Microsoft is rolling out blockchain solutions for decentralized identities (DID) that are designed to protect the digital identity of consumers. In a white paper released this week, the company says,
“Each of us needs a digital identity we own, one which securely and privately stores all elements of our digital identity. The self-owned identity must seamlessly integrate into our lives and give us complete control over how our identity data is accessed and used.”
The company says it’s working on key innovations that will be the technical basis for DID implementations supporting a variety of blockchains and ledgers.
To deliver on these promises, we need a technical foundation made up of seven key innovations—most notably, identifiers that are owned by the user, a user agent to manage keys associated with such identifiers, and encrypted, user-controlled datastores.
IDs that users create will be owned and controlled independently of any organization or government.
Microsoft has two DID products. The first, offered through Microsoft’s cloud computing service Azure, is an “identity hub,” which acts as an encrypted personal data store that can only be accessed with permission.
The other product will operate more like a wallet, where users can give or revoke permissions based on their preferences.
“We believe a standards-based Decentralized Identity system can unlock a new set of experiences that empowers users and organizations to have greater control over their data—and deliver a higher degree of trust and security for apps, devices, and service providers.”
In an effort to remain decentralized, Microsoft is working on an open source implementation of DIDs that can run on top of a blockchain. The goal is to maintain functionality while creating a high degree of scalability. The approach is similar to the Lightning Network which functions on top of a blockchain for faster transaction times and more scalability.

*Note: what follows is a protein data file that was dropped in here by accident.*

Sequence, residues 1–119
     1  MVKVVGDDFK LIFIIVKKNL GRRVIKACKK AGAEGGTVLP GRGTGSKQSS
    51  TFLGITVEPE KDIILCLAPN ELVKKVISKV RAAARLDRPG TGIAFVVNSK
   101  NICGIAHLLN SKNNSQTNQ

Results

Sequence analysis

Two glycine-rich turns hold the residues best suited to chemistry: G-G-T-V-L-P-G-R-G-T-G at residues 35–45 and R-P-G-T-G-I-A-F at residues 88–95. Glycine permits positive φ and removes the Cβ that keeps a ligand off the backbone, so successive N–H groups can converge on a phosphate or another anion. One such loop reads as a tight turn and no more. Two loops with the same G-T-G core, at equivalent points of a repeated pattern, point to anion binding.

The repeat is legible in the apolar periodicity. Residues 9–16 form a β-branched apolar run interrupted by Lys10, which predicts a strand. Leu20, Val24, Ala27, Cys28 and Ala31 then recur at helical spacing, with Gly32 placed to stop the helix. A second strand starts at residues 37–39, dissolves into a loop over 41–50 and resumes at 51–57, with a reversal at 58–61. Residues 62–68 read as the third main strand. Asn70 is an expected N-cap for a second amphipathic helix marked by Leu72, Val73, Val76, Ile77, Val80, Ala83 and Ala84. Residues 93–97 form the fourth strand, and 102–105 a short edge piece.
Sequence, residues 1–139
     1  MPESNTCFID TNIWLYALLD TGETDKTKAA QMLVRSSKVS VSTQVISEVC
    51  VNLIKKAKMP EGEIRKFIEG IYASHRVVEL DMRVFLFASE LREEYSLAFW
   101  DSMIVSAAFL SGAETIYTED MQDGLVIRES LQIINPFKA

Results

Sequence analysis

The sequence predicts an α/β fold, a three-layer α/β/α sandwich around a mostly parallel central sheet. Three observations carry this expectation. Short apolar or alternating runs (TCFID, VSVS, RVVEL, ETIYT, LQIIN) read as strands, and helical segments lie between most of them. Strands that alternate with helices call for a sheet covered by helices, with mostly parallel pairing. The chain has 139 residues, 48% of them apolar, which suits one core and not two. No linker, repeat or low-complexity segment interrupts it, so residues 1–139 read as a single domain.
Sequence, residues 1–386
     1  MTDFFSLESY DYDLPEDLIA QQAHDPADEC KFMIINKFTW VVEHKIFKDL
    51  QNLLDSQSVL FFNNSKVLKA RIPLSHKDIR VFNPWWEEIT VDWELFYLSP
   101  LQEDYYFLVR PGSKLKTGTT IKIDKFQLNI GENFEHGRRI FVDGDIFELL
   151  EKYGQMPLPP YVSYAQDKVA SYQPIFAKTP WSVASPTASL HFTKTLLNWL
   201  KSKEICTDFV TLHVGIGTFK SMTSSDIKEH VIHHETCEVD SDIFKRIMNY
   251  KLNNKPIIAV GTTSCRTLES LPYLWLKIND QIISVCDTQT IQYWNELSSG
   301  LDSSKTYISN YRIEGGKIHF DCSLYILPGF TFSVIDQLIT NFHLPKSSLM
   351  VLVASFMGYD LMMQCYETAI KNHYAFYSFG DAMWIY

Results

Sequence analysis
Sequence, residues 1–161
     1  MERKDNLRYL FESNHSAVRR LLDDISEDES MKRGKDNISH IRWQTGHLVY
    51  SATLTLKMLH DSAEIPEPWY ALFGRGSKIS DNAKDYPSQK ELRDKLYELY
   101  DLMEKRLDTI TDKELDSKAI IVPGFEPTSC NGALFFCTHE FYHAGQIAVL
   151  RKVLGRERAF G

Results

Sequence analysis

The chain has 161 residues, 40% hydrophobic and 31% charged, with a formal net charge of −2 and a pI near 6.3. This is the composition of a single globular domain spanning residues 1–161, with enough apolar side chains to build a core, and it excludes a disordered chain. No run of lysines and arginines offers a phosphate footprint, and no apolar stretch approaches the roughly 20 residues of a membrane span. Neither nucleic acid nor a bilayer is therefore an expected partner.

Beyond security and scalability, Microsoft plans to create a unified identity that’s transferable across different platforms. In a podcast interview with CoinDesk last month, Yorke Rhodes, a program manager on Microsoft’s blockchain engineering team, said he wants to avoid becoming like today’s social media.
“…where you can’t connect an identity from LinkedIn to Twitter, to Facebook, to WeChat, to Weibo. If I create my identity in a Microsoft system, if somebody comes along with a MetaMask or uPort or any other wallet, they should actually be able to understand what that identity is.”
uPort, for example, is an open identity system that allows users to register their own identity on Ethereum, send and request credentials, sign transactions, and securely manage keys and data.
Kames, editor of uPort, says,
“Decentralized identity is a lot of things to a lot of people. For some it’s simply a technical challenge. Others, it’s a chance for innovation. And for the bold, it’s an opportunity for a social (r)evolution.”
“In addition to closely following specifications, our team is highly motivated to stay interoperable and in constant communication with other decentralized identity providers. Now is the time for collaboration, communication and coordination across the entire ecosystem.”
The collaborative effort involves several initiatives and development teams, including Microsoft. The shared goal, to create unified digital identities for people to use across a variety of platforms, can define blockchain as the revolutionary and powerful technology proponents declare it to be.